Excerpts from an intelligence report (See IB document below) suggest that Nandakumar identifies himself sometimes as “Dr Kumar” and at other times as “Advocate Kumar”. Lawyers in Kerala, though, have nicknamed him as “Complaint Kumar” because of his penchant to shoot off allegedly forged complaint letters!

The intelligence report goes on to state that “he introduces himself as an advocate of the Supreme Court. He is a regular domestic passenger of Jet Airways and Kingfisher flights to Mumbai, Delhi and Chennai from Kochi. He is in the habit of wearing safari suits and travelling in executive class…His flight tickets are booked by Akbar Travels in Palarivattom, Ernakulam.”

The intelligence report surprisingly provides lot of leads for the law enforcement agencies, as it gives his passport, phone and fax numbers.

Nandakumar, 41, spends most of his time in Dubai, but he has a Rs 1 crore house in Thammanam, Ernakulam, which is currently occupied by his mother. Before his meteoric rise he was an active worker of the Kerala Students Union and later the Youth Congress.

“His stints as personal assistant to Harkishan Singh Surjeet in the mid-1990s brought him in close contact with politicians in Delhi. This was followed by his stint as personal assistant to Justice Sukhdev Singh Kang when he was Governor of Kerala. His easygoing ways and glib talk helped him make friends with politicians, high-profile lawyers and litigants,” says Nedumpara.

According to the National Lawyers Campaign, by 2003, thanks to the support from some judges, Nandakumar allegedly morphed into a fixer. He became a regular in the high courts of Chennai, Mumbai and Bangalore and also in the Supreme Court.

In 2007, Nandakumar’s shenanigans attracted the attention of the Intelligence Bureau. How was a person with no known sources of income frequently travelling business class to Dubai and Europe?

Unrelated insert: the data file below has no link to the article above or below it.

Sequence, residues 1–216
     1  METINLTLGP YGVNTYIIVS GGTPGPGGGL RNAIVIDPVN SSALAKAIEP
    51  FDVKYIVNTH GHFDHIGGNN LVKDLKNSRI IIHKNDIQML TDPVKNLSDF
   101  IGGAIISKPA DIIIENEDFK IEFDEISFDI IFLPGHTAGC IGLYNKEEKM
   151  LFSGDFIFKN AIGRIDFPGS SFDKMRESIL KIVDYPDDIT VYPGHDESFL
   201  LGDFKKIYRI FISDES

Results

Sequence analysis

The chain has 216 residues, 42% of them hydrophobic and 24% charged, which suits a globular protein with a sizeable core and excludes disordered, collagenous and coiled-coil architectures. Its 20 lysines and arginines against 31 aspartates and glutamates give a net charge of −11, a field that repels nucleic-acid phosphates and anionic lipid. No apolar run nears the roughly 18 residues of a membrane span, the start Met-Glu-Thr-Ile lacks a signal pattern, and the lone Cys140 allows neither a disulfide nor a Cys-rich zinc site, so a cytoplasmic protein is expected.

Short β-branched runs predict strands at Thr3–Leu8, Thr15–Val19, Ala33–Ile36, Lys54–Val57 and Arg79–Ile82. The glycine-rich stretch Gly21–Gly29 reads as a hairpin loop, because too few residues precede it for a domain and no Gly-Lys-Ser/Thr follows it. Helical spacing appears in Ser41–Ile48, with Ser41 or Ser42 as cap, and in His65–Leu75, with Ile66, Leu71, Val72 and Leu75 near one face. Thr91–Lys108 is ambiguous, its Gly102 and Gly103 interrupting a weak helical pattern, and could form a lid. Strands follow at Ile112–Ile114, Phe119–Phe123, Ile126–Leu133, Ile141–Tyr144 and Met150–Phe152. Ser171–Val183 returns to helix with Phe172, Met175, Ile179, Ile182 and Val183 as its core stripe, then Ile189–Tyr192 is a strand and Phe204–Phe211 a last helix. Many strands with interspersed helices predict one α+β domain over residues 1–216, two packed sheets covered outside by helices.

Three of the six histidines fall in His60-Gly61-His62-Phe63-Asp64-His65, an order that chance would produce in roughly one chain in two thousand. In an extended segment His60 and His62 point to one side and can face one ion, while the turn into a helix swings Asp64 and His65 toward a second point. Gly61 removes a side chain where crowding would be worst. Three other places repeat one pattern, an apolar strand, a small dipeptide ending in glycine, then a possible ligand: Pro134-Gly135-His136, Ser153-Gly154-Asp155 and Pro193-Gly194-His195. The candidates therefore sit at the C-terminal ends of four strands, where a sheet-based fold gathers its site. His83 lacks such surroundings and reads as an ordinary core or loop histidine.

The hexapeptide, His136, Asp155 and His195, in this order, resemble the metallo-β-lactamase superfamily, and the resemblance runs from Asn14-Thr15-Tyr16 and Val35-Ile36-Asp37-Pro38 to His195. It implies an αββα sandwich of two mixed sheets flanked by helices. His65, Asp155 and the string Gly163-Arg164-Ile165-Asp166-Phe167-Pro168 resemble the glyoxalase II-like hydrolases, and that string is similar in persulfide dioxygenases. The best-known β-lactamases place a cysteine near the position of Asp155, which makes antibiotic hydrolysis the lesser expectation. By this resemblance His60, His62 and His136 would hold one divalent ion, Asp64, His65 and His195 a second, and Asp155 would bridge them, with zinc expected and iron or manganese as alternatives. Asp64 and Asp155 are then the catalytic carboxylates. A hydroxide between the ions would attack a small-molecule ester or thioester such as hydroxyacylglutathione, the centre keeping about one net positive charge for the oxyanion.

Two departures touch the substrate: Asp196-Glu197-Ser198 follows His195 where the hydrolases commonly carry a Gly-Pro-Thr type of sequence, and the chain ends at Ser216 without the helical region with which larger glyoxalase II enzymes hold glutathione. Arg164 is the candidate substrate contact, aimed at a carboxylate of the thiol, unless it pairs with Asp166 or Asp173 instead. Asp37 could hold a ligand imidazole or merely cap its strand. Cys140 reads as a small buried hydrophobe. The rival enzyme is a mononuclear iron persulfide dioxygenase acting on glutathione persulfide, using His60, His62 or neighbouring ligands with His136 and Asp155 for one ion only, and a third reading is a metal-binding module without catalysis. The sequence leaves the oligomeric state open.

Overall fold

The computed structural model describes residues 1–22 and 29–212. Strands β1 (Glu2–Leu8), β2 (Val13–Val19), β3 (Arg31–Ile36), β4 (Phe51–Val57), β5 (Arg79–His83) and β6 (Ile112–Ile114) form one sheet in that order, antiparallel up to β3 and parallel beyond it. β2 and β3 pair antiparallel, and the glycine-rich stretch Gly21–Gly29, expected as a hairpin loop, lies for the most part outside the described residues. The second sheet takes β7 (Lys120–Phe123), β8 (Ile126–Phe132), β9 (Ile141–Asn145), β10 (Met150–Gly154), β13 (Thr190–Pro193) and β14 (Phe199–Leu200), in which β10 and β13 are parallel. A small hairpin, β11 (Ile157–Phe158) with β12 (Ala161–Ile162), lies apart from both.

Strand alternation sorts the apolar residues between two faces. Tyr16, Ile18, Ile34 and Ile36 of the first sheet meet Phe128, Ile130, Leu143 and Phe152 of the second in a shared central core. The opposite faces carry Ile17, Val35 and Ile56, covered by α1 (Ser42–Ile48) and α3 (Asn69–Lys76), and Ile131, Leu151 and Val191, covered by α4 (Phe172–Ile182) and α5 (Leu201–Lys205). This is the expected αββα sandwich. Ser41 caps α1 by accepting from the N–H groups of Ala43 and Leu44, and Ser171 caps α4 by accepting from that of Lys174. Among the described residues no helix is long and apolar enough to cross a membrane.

Why was Nandakumar’s entry and exit from Kochi’s airport so privileged? These and several other such unknown facets of ‘TGN’ (as he is known in Kerala) came under IB’s watch.

In fact, an intelligence officer posted at Kochi airport faxed two reports numbered 574 (dated October 10, 2008) and 656 (dated November 12, 2008) alerting the agency about Nandakumar’s ease of entry and exit from Kochi airport.

This was followed by another IB report dated 20 January 2009 in which an intelligence officer despatched a fax to his unit head stating that an Inspector General of Police directed the immigration officials at Kochi airport to clear Nandakumar who arrived from Dubai by Emirates flight EK-530.

Click here to read the IB report

The report stated:

“The arrival of the subject was informed in advance by ********* (name with-held) to airport immigration and immigration was asked by IGP to clear him without delay. Accordingly, on arrival he was received by an immigration official and cleared  and allowed to leave the airport immediately.”

Nandakumar’s travel records, locked in the Kerala police crime branch files, reveal that he indeed took off from Kochi for Dubai on 8 January 2009 on Emirates flight EK 531 and returned on 20 January 2009 by EK 530. On 26 January 2009 he again left for Dubai and returned on 4 February 2009.

The intelligence report further says:

“The subject came to notice travelling to Delhi and coming back on the same day on two occasions recently. He left for Delhi on 5 October 2009 and returned by IC flights. Both occasions one Union minister of state and a Union minister travelled to Kochi in the same flight. The Union minister was noticed coming out of the airport and patting on the shoulder of the subject (Kumar) before parting at the airport”.